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Holman is especially impressed with Stonehurst, which he first visited last fall when it opened. On a steep hill in Vernon, with a view of the Connecticut River, the 100-acre property has served many purposes, including as a ski area called Pinetop in the mid-20th century. Now, in the renovated barn, cherry and oak dining sets, maple side tables with walnut inlaid leaves, Shaker-style beds, walnut desks, and landscape paintings by local artists decorate three airy, bright rooms. Vermont Woods Studios staffers work in the attached restored farmhouse — on computer tables made by Ken Farabaugh. The property was restored in part with a Vermont Working Lands Initiative, which helped pay for the bluestone walkway, among other features.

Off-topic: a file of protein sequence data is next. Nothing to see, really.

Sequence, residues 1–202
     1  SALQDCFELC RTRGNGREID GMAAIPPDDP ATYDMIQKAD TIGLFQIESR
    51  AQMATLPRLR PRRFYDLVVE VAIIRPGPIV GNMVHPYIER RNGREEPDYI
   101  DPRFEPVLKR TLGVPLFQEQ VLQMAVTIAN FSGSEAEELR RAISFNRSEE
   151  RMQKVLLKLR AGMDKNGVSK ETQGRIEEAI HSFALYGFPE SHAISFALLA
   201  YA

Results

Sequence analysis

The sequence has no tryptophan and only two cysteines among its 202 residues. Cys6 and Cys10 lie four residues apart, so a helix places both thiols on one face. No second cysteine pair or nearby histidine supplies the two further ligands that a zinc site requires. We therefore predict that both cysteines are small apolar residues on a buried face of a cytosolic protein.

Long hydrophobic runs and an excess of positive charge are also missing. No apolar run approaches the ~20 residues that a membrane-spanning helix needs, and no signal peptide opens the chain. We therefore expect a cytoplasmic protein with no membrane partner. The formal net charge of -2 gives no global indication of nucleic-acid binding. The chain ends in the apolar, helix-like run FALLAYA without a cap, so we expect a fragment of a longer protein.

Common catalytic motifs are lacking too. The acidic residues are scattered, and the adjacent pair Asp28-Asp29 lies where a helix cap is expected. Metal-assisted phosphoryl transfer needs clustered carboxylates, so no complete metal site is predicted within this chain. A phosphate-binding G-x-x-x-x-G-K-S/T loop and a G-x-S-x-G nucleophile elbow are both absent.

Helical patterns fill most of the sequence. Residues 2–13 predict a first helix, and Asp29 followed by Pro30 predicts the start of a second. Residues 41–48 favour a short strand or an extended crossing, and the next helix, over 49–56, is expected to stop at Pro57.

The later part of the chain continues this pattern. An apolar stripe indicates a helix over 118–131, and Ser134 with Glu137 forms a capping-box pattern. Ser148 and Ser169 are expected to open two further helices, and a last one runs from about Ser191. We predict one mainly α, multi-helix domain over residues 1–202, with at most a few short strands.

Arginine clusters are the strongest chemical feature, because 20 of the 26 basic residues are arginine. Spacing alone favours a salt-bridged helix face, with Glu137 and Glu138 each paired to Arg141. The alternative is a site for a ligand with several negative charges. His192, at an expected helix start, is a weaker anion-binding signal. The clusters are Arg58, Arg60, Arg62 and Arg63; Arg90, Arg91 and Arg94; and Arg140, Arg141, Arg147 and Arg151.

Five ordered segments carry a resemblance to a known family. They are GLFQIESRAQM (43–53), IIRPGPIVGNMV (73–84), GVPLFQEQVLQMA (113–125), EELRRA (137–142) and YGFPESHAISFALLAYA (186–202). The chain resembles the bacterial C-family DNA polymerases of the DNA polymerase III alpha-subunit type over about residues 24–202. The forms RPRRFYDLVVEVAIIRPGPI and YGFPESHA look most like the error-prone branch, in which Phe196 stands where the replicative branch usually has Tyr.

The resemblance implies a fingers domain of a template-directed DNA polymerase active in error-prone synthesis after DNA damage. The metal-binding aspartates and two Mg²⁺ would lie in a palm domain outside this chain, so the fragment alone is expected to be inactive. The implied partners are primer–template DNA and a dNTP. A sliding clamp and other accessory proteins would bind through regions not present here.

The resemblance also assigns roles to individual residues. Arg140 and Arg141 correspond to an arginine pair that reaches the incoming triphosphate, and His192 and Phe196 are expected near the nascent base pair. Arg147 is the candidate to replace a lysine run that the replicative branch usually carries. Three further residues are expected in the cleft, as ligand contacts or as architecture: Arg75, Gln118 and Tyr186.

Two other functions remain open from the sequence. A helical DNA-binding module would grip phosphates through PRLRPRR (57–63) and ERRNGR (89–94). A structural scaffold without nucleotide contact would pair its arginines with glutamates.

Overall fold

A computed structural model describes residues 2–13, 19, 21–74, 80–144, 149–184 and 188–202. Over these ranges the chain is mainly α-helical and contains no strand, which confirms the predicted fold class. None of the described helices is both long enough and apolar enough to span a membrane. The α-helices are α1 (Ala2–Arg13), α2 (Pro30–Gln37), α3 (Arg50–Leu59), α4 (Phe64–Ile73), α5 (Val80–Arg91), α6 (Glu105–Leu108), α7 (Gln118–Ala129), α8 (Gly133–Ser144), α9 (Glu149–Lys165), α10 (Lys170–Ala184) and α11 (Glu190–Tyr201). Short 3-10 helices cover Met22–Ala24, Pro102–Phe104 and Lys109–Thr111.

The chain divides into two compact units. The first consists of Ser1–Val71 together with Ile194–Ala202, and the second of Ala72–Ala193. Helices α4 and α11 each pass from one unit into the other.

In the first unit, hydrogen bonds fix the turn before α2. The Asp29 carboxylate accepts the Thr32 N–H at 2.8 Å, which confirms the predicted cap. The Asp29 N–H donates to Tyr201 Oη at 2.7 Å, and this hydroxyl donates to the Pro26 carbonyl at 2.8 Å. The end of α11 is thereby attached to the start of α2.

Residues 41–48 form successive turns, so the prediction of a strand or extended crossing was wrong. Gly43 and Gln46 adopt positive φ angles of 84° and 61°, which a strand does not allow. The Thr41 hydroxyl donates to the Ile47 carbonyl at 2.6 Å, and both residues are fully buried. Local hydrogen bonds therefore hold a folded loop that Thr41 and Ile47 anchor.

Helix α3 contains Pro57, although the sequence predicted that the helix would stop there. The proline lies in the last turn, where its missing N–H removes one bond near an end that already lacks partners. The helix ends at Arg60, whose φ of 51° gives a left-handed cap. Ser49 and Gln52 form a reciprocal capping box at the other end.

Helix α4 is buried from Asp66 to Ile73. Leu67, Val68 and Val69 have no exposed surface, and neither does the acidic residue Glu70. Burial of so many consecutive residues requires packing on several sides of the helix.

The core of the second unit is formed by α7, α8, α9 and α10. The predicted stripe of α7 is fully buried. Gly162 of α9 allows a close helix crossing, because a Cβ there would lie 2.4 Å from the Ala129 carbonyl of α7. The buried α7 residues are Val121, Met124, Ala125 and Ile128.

Outside, customers can sit overlooking the hillside field/old ski slope with iPad (for shopping) in one hand, picnic lunch in the other. Or they can hike a forest trail that Farabaugh wants to turn into an interpretative walk about the Vermont woods. Inside, customers can touch the tables, sit in the chairs, measure the entertainment consoles, debate over style, and covet every piece of furniture on display.

“They made an effort to make it a destination, not just a place to sell furniture,” said Holman.

That statement perhaps best sums up the company’s real mission: that purchasing from Vermont Woods Studios is as much about experiencing Vermont and its culture of neighbor helping neighbor as it is about acquiring new furniture.